Washington State Capitol Building in Olympia. (Washington State Legislature photo)

Washington State Capitol Building in Olympia. (Washington State Legislature photo)

New laws enacted affect courthouse arrests, hairstyles and domestic worker treatment

HB 2567 prohibits warrantless arrests within one mile of a court facility

OLYMPIA — Several bills poised to become signed into law this legislative session would directly affect many Washington residents.

House Bill 2567, which would outlaw arrests for civil matters at courthouses unless there is a warrant issued, passed the House earlier and was approved by the Senate on Wednesday, Mar. 4.

When signed into law, the measure will protect undocumented residents by prohibiting warrantless civil arrests within one mile of a court facility.

“This bill is about nothing more or less than the proposition that all residents of our state ought to have access to our courts to seek justice,” said Sen. Jamie Pedersen, D-Seattle, during an earlier Senate floor debate.

“All of the residents, regardless of their immigration status, should feel comfortable and safe coming to our courts to seek the assistance that they need,” Pedersen said.

HB 2602, which also passed in both legislative chambers and is set to be signed into law, redefines the Washington Law Against Discrimination to include in the definition of race hair textures and styles, such as afros and braids, that are historically associated with African Americans.

“This is a very simple bill,” Pedersen said at the earlier debate. “We had very compelling testimony from people, particularly African Americans, whose hairstyles have subjected them to discrimination, particularly in the employment context,” Pedersen said.

HB 2511 has also been approved by both chambers and will protect a domestic worker from discrimination, as well as their general safety, health and well-being. It also puts into place a workgroup for domestic worker issues.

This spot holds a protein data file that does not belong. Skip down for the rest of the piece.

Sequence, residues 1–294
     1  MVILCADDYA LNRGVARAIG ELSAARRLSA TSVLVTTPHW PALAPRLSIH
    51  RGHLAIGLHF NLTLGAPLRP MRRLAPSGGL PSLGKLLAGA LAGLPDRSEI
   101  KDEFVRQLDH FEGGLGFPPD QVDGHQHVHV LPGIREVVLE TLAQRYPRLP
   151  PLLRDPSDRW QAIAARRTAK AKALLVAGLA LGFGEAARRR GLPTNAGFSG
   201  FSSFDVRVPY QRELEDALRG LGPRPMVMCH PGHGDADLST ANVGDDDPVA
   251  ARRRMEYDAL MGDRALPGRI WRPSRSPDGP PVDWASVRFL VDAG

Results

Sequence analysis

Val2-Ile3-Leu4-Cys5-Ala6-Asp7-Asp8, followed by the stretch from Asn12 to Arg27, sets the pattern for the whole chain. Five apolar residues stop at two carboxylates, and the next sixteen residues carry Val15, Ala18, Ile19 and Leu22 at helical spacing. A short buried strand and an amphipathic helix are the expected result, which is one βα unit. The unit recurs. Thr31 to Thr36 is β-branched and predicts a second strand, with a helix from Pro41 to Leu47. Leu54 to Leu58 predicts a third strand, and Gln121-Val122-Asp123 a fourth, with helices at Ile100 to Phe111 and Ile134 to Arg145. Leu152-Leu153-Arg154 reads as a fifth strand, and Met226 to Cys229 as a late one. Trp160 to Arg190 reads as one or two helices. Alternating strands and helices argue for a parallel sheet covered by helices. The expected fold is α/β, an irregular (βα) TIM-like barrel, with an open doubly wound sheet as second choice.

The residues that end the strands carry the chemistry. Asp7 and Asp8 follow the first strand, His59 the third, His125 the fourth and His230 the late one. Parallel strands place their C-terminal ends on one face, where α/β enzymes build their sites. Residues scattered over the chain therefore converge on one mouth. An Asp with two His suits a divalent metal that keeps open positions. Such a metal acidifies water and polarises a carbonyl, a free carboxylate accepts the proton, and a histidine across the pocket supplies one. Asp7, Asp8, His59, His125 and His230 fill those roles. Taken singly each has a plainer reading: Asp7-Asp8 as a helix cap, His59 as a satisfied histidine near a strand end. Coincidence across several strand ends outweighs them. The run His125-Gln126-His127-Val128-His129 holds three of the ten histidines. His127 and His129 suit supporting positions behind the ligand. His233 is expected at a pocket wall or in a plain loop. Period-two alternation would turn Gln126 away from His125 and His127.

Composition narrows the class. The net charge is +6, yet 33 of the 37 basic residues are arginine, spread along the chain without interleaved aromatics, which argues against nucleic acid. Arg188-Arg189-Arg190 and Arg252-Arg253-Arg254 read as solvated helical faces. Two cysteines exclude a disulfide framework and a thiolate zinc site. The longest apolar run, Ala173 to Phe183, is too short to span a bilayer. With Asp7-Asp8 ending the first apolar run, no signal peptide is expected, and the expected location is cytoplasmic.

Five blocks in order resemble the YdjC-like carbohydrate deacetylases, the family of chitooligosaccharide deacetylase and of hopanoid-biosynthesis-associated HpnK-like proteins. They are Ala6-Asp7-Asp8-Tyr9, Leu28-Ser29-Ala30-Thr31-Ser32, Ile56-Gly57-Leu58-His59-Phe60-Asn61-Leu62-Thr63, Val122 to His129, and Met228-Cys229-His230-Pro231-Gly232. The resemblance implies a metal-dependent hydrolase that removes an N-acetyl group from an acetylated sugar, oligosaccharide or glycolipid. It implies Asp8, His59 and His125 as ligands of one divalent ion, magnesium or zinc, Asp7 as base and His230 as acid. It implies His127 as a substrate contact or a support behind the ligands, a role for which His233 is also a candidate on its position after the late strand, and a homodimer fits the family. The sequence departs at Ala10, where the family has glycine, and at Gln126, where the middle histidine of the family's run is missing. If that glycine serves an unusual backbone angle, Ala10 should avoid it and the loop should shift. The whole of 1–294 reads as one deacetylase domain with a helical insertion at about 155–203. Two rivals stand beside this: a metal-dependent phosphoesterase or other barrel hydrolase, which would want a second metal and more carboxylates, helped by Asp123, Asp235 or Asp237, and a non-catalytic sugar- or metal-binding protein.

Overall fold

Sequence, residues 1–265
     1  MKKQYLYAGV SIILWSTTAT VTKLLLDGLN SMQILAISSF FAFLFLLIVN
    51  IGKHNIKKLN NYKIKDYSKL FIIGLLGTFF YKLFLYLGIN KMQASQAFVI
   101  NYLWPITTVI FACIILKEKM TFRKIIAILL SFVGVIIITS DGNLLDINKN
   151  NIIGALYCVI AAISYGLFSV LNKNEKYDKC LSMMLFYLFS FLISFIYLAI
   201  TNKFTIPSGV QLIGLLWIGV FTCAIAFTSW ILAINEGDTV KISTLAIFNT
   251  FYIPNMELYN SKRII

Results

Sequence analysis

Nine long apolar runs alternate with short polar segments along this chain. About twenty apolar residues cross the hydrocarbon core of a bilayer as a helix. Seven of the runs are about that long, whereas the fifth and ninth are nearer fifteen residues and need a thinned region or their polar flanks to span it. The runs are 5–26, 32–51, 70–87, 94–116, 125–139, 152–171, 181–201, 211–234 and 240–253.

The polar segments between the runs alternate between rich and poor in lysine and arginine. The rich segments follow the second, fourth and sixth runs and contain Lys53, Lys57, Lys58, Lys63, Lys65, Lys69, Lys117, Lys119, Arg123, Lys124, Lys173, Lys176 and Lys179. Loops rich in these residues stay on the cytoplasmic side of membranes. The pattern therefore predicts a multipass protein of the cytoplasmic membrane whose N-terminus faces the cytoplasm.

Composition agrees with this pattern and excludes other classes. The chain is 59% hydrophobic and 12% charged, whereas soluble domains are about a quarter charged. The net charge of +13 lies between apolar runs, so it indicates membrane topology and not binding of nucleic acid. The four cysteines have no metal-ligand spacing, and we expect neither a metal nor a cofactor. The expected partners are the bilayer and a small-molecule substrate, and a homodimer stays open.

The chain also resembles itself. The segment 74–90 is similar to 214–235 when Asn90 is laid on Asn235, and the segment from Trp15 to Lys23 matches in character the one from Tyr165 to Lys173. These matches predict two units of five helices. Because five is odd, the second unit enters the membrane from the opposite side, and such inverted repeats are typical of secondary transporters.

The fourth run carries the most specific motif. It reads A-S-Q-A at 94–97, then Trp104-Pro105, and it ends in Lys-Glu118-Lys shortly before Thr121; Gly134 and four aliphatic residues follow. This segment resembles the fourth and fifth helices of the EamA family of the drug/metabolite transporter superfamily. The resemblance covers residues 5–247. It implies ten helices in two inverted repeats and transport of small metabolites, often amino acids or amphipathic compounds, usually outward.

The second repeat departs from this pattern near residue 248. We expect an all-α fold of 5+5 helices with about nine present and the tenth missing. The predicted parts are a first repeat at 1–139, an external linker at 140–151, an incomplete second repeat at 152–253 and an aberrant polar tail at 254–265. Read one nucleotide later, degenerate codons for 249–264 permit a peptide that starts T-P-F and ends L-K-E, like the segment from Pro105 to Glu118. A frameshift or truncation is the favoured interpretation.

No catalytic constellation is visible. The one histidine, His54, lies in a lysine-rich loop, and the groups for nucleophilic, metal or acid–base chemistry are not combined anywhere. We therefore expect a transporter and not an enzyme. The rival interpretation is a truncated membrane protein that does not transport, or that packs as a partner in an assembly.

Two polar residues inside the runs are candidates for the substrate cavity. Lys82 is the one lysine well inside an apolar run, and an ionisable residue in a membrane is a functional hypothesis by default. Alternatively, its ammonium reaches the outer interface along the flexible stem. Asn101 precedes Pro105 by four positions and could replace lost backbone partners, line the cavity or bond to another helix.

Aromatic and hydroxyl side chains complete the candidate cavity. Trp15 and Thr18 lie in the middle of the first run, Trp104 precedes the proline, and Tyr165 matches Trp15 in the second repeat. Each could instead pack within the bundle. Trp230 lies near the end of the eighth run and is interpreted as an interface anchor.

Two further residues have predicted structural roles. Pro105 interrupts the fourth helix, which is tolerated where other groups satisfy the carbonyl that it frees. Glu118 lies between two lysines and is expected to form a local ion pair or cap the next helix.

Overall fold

“The bill before us does begin the process of building a bill of rights for domestic workers and creates a workgroup that will look at how do we make sure that we do properly value those that care for our young ones and our elders,” said Sen. Rebecca Saldana, D-Seattle, who sponsored the bill’s companion, SB 6247.

More in News

26 active cases of COVID-19 reported in Kitsap Thursday

So far, 18 positive cases have been reported in July

CHI Franciscan opens new Family Medicine Clinic

Clinic provides outpatient care such as obstetrics, pediatrics, sports health, addiction treatment.

Washington State Parks ‘roofed accommodations’ now available for rent

Bainbridge Island Metropolitan Parks & Recreation District cabins also available for rent

Demonstrators gather in downtown Poulsbo on July 3, the one year anniversary after the fatal police shooting of Stonechild Chiefstick. Photo Courtesy Suquamish Tribe
Memorial caravan honors Chiefstick on anniversary of fatal shooting

Exactly one year after Stonechild Chiefstick, of the Chippewa Cree tribe of… Continue reading

South Kitsap Fire and Rescue Chief Steve Wright has retired from the agency after 34 years of service in the county. He now is executive director of the Washington Fire Chiefs Association in Olympia. (Bob Smith | Kitsap Daily News file photo)
Chief Wright retires, Jeff Faucett fills his boots at SKFR

Wright now leading Washington Fire Chief Association in Olympia

Small aircraft crashes near Mullenix Road in South Kitsap

Pilot trapped inside on-fire plane, taken to Harborview with critical injuries

Outbreaks a concern for board of health as cases rise in Kitsap

For the moment, Kitsap County is managing the COVID-19 pandemic, but worries… Continue reading

COVID-19 infections continue to rise in Kitsap County

22 active cases of COVID-19, 267 total infections since March

NKSD will use hybrid learning model next school year

Each school will split students into two groups for remote and in-person learning

Most Read